RT Books Reviews

“I recommend
Foul Play at the Fair
for anyone who enjoys an amusing book with a rural setting.”


The Season

Berkley Prime Crime titles by Shelley Freydont

FOUL P
LAY AT THE FAIR

SILE
NT KNIFE

INDEPENDENC
E SLAY

Specials

COLD TURKEY

THE BERKLEY PUBLISHING GROUP

Published by the Penguin Group

Penguin Group (USA) LLC

375 Hudson Street, New York, New York 10014

USA • Canada • UK • Ireland • Australia • New Zealand • India • South Africa • China

penguin.com

A Penguin Random House Company

INDEPENDENCE SLAY

A Berkley Prime Crime Book / published by arrangement with the author

Copyright © 2014 by Shelley Freydont.

Penguin supports copyright. Copyright fuels creativity, encourages diverse voices, promotes free speech, and creates a vibrant culture. Thank you for buying an authorized edition of this book and for complying with copyright laws by not reproducing, scanning, or distributing any part of it in any form without permission. You are supporting writers and allowing Penguin to continue to publish books for every reader.

Berkley Prime Crime Books are published by The Berkley Publishing Group.

BERKLEY
®
PRIME CRIME and the PRIME CRIME logo are trademarks of Penguin Group (USA) LLC.

For information, address: The Berkley Publishing Group,

a division of Penguin Group (USA) LLC,

375 Hudson Street, New York, New York 10014.

eBook ISBN: 978-0-698-14316-6

PUBLISHING HISTORY

Berkley Prime Crime mass-market edition / June 2014

Cover art by Robert Crawford.

Cover design by Lesley Worrell.

This is a work of fiction. Names, characters, places, and incidents either are the product of the author’s imagination or are used fictitiously, and any resemblance to actual persons, living or dead, business establishments, events, or locales is entirely coincidental.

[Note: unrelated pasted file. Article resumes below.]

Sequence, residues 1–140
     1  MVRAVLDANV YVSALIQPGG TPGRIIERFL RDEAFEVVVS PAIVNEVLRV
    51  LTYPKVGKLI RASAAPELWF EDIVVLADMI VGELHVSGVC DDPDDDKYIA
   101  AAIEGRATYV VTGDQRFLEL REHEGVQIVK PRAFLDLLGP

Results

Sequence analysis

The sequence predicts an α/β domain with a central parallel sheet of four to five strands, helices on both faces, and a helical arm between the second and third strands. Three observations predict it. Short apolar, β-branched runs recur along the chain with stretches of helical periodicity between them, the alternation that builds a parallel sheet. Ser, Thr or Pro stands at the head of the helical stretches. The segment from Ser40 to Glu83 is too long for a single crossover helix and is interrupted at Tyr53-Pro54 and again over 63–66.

The publisher does not have any control over and does not assume any responsibility for author or third-party websites or their content.

Version_1

Contents

Praise for Foul Play at the Fair

Also by Shelley Freydont

Title Page

Copyright

Chapter One

Chapter Two

Chapter Three

Chapter Four

Chapter Five

Chapter Six

Chapter Seven

Chapter Eight

Chapter Nine

Chapter Ten

Chapter Eleven

Chapter Twelve

Chapter Thirteen

Chapter Fourteen

Chapter Fifteen

Chapter Sixteen

Chapter Seventeen

Chapter Eighteen

Chapter Nineteen

Chapter Twenty

Chapter Twenty-one

Chapter Twenty-two

Chapter Twenty-three

Chapter Twenty-four

Chapter Twenty-five

Chapter One

Liv Montgomery slapped at her cheek. “Ugh. This might be my least favorite thing about summer in Celebration Bay.”

“Told you to spray on some deet,” her assistant, Ted Driscoll, told her. “Not to brag, but in July upstate New York is the capital of biting bugs. The mosquitoes here are so large—”

“I get it,” Liv said. “Please hand me that bug spray.” She traded him her clipboard for the spray.

“And it only gets worse around sunset.”

“Great.” Liv spritzed the vile-smelling spray on her hands and patted it on her face. She handed it back to Ted, who slipped it in his pocket. “What about later, when it’s dark? Or will we all be eaten alive while we watch the Battle of the Bay reenactment and fireworks?”